Brahma Chellaney, The Times of India, October 15, 2016
The visit of Aung San Suu Kyi, Myanmar’s de factor leader, to India is significant. Myanmar’s geographic, cultural and geostrategic positioning between India and China makes it critical to long-term Indian interests. Yet it took 25 years for an Indian prime minister to visit Myanmar, India’s gateway to the east.
Since that visit in 2012 by Manmohan Singh, India has upgraded its Myanmar policy from constructive engagement to comprehensive interconnection. It was at the India-ASEAN Summit in Myanmar’s capital Naypyidaw in late 2014 that Narendra Modi launched India’s “Act East” policy. Yet, for his own inauguration in office, Modi invited leaders of all regional states, including Mauritius, but not next-door Myanmar, in a reminder of how India episodically neglects an important neighbour.
Suu Kyi’s visit is part of India’s invitation to member-states of the Bay of Bengal Initiative for Multi-Sectoral Technical and Economic Cooperation (BIMSTEC) for a joint summit with BRICS at Goa. Bringing together Bangladesh, Bhutan, India, Myanmar, Nepal, Sri Lanka and Thailand, BIMSTEC is a better alternative for India than the South Asian Association for Regional Cooperation (SAARC), which is likely to remain a stunted organization. Indeed, SAARC boxes India in an artificial regional framework; India’s natural strategic compass is broader.
Suu Kyi, committed to reviving her country’s old tradition of a neutral foreign policy, is seeking to carefully balance relations with major powers. On her first visit to a major capital since her party won a landslide election victory less than a year ago, Suu Kyi in August visited Beijing, not New Delhi where she was educated. Her aim was to smooth over the frayed relationship with China. Ties with China have been roiled by Myanmar’s 2011 suspension of the $3.6-billion, Chinese-financed Myitsone Dam project.
The suspension on the eve of China’s national day constituted a slap in the face to Beijing — a loss of face made worse by the fact that the action became a turning point for Myanmar’s democratization and reintegration with the outside world. The bold move, by demonstrating that Myanmar was no client state of China and by helping to accelerate the country’s transition to democracy, set in motion an easing of Western sanctions and ending Myanmar’s international isolation — best symbolized by Barack Obama’s 2012 visit, the first ever by a U.S. president.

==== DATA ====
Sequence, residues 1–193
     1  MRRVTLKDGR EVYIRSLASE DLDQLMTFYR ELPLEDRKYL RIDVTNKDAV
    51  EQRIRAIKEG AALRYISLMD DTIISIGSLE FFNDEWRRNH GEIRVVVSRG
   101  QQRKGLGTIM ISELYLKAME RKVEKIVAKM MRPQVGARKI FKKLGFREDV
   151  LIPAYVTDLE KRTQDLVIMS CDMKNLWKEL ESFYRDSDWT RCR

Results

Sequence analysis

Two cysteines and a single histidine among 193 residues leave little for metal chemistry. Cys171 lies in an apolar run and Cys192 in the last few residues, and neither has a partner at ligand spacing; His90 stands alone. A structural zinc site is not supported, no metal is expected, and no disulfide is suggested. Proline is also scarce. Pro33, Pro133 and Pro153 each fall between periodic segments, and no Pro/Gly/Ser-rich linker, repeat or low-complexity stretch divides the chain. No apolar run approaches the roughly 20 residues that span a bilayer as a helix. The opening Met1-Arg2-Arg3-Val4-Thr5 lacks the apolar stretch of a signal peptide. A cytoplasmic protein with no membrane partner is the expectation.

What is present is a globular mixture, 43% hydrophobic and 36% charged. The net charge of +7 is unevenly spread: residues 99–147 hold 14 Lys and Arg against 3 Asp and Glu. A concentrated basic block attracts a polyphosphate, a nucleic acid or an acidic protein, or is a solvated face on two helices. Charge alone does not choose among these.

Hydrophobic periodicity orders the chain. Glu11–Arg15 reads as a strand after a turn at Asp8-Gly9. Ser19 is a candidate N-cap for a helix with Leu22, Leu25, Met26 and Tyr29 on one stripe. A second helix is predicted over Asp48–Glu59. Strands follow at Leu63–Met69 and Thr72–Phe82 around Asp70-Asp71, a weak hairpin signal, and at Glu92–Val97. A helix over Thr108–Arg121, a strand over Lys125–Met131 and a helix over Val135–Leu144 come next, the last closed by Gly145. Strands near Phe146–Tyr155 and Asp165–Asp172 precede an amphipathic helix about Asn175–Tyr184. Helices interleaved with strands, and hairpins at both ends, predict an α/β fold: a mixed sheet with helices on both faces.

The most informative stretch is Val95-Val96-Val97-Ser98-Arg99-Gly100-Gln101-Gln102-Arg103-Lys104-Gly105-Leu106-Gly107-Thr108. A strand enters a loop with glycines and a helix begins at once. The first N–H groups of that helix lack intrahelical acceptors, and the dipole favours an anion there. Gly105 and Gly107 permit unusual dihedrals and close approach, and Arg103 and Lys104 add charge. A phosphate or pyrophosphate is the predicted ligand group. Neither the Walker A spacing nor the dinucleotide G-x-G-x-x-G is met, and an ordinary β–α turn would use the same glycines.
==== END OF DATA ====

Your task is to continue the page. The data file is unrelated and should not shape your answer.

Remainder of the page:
But with China still wielding more leverage over Myanmar than any other power, President Xi Jinping is now pushing for the Myitsone project’s revival — or the undoing of the 2011 humiliation. To blunt Chinese pressure, Suu Kyi, before visiting Beijing, appointed a 20-member commission to review the project.
After her China trip, Suu Kyi, as part of her balancing act, visited Washington, where she was warmly received. But it was just last weekend that Obama lifted U.S. economic sanctions on Myanmar, while retaining military-related sanctions.
Myanmar, like India, has long complained about the flow of Chinese arms to guerrilla groups, accusing Beijing of backing several of them in its north as levers against it. Still, recognizing that Beijing holds the keys to ending decades of armed conflict in Myanmar, Suu Kyi has given China an important role in her new initiative to promote ethnic reconciliation. Yet, despite China playing mediator, a Suu Kyi-sponsored peacemaking gathering attended by ethnic warlords in Naypyidaw ended early last month without any headway.
China values Myanmar as a strategic asset, viewing its long shoreline as a gateway to the Indian Ocean, where it is seeking to chip away at India’s natural-geographic advantage. Having established a foothold in Myanmar’s Kyaukpyu port, from where the new energy pipelines lead to southern China, Beijing is seeking to open a shorter, cheaper trade route to Europe via Myanmar’s River Irrawaddy.
Against this backdrop, India can ill afford to neglect Myanmar, or persist with its sluggish implementation of projects there, or unilaterally conduct cross-border military strikes on Naga guerrillas. While being sensitive to Myanmarese concerns, India must actively involve itself in Myanmar through greater trade, investment and counterinsurgency cooperation to help reduce the salience of Chinese influence and to further Suu Kyi’s agenda for a balanced, neutral and pragmatic foreign policy.
Brahma Chellaney is a geostrategist and the author, most recently, of “Water, Peace, and War.”